The UCC has been in severe decline for decades, in part because its leadership has virtually repudiated both the theological basis for and the need to engage in evangelism. But let a celebrity announce, in essence, that her politics are more important to her than her Catholic identity, and the UCC leaps into action.
In response [to Rice’s Facebook announcement], the UCC launched a public campaign on Facebook — “You’d Like the UCC, Anne Rice” — to offer support for the author and introduce her and others to the denomination.
“Many of us who are Christian share Anne Rice’s values of inclusion and reason,” said the Rev. J. Bennett Guess, the UCC’s communication director who initiated the Facebook campaign. “It’s important that she and others know that a church like the UCC exists.”
There something grotesque about a denomination that couldn’t care less about the spiritual welfare of millions of non-Christian and unchurched people, but will engage in a “public campaign” to snag a disaffected celebrity from another Christian church just because their politics line up. It’s almost like…well, you know:
That title’s meant literally. Seems there’s a non-denominational church in Florida that wants to makes a statement about Islam, and its chosen method is to burn copies of the Koran. The National Association of Evangelicals has asked that it reconsider. According to the Christian Post:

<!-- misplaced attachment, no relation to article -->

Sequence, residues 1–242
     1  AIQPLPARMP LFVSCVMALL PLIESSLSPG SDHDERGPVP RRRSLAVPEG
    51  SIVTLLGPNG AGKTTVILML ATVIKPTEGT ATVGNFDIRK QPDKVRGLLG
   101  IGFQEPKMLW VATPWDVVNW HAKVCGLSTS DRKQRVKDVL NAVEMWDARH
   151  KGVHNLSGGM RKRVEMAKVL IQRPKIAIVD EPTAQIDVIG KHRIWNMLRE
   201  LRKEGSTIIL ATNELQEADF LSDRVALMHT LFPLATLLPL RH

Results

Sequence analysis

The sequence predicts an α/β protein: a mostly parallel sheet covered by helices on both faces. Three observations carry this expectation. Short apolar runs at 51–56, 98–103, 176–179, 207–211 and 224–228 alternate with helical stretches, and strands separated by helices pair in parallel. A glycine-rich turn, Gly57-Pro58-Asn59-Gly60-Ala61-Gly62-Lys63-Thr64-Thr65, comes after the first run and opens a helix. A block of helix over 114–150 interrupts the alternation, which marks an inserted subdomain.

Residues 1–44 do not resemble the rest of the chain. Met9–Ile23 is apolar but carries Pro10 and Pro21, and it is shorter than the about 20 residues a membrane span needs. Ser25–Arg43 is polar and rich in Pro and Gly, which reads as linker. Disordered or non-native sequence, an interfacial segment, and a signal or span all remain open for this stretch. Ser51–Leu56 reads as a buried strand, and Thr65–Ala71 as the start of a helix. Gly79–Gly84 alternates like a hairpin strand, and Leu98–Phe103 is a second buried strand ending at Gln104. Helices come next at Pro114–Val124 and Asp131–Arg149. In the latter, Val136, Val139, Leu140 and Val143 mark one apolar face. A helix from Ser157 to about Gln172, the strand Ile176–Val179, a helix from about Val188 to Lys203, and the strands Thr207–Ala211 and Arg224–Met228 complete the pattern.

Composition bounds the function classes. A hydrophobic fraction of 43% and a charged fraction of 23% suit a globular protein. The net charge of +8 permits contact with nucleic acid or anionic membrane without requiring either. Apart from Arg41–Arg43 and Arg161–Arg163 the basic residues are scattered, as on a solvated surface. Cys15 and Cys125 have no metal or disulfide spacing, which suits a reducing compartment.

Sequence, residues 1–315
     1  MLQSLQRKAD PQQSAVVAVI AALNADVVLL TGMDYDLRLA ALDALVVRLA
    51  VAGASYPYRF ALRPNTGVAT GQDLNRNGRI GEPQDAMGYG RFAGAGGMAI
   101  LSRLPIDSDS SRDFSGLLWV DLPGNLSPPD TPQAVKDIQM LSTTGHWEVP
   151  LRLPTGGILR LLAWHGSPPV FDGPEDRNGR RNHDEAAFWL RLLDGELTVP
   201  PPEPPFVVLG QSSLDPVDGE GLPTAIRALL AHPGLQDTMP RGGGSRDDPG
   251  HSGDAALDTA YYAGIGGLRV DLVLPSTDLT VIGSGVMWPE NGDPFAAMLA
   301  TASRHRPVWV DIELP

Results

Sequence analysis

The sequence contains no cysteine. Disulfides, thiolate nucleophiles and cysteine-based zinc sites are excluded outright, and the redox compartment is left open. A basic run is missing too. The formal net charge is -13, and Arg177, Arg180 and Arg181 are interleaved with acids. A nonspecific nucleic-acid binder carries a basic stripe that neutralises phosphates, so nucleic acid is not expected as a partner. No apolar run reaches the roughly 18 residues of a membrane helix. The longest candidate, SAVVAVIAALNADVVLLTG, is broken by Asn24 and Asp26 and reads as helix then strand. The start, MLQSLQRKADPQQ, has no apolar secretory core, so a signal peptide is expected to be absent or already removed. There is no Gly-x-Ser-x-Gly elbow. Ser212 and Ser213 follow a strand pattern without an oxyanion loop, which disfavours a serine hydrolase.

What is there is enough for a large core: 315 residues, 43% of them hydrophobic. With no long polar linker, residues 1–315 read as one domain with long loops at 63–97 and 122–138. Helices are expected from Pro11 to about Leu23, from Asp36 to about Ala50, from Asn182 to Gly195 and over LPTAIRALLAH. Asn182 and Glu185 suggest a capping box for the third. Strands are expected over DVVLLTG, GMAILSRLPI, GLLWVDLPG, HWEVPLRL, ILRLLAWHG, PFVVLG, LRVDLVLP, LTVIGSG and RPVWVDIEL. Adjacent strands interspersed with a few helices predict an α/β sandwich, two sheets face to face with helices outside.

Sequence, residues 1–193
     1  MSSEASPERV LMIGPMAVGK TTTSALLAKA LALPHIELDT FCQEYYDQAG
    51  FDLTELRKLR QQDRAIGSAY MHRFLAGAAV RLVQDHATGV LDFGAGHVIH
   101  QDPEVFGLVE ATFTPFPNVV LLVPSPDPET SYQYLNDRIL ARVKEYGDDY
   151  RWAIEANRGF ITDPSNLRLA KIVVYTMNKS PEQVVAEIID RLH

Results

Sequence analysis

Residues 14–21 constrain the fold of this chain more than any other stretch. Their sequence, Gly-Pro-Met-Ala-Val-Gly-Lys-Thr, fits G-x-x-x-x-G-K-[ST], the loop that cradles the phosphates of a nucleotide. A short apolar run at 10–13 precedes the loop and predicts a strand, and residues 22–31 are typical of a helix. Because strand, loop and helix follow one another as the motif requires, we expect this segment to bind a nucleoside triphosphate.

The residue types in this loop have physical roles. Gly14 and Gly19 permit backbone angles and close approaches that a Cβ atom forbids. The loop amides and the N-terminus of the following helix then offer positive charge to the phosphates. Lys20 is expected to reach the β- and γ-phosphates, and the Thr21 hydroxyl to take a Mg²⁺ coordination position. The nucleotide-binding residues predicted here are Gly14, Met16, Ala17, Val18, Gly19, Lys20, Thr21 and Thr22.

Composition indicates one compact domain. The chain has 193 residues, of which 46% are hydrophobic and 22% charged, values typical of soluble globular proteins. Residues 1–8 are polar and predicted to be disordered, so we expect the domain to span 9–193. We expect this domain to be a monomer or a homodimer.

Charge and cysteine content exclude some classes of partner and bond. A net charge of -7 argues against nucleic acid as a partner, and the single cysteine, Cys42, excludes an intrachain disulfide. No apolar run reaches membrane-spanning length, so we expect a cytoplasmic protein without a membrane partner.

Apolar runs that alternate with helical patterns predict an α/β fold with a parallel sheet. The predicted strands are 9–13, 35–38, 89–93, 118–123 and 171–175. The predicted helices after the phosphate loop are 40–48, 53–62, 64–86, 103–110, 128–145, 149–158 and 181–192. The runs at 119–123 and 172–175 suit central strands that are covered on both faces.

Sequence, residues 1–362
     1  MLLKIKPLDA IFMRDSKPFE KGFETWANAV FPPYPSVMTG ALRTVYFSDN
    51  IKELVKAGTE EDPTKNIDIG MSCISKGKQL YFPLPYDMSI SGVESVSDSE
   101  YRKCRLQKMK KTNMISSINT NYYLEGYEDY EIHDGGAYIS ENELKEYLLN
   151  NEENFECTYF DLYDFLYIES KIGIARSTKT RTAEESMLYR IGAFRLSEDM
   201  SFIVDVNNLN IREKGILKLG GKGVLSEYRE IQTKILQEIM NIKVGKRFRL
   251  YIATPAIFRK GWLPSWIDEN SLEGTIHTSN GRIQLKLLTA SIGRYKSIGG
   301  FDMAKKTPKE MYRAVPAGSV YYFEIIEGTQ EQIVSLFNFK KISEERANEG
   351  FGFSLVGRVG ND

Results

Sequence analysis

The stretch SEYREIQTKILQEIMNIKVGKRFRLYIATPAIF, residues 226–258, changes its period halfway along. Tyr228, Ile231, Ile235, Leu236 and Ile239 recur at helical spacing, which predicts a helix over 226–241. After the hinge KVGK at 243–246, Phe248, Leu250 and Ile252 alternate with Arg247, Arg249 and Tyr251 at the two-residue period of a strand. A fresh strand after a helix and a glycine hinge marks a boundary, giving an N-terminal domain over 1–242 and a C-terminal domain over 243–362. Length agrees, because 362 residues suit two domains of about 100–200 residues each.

The nation’s largest evangelical body is urging the Florida church behind “International Burn A Quran Day” to cancel its plans.
Plans to burn Islam’s holy book on the ninth anniversary of Sept. 11 shows “disrespect” for Muslims and would only “exacerbate tensions” in Christian-Muslim relations worldwide, stated the National Association of Evangelicals on Thursday.
“It sounds like the proposed Quran burning is rooted in revenge,” said NAE President Leith Anderson, in a statement. “Yet the Bible says that Christians should ‘make sure that nobody pays back wrong for wrong, but always try to be kind to each other and to everyone else’ (I Thessalonians 5:15).”
Dove World Outreach Center, a non-denominational church in Gainesville, Fla., recently announced it will host a Quran burning event on its church property in observance of the anniversary of the 9/11 terrorist attacks to warn Americans about the dangers of Islam.
In an interview with The Christian Post this week, Senior Pastor Dr. Terry Jones explained, “We only did it because we felt there needed to be an outcry against Islam, because Islam is presenting itself as a religion of peace.”
I hope Rev. Anderson is praying for a miracle, because that’s the only way these people are going to be stopped from doing something titanically stupid. How do I know? You can tell by who they hang with:
The Dove World Outreach Center has a history of provocative public protests against what it considers sins. In the past, it has put up a sign on its property reading, “Islam is of the Devil,” and has joined the extremist Westboro Baptist Church in protesting homosexuality. Its purpose, as the church explains on its website, is to get Christians to stand up for the truth of the Bible.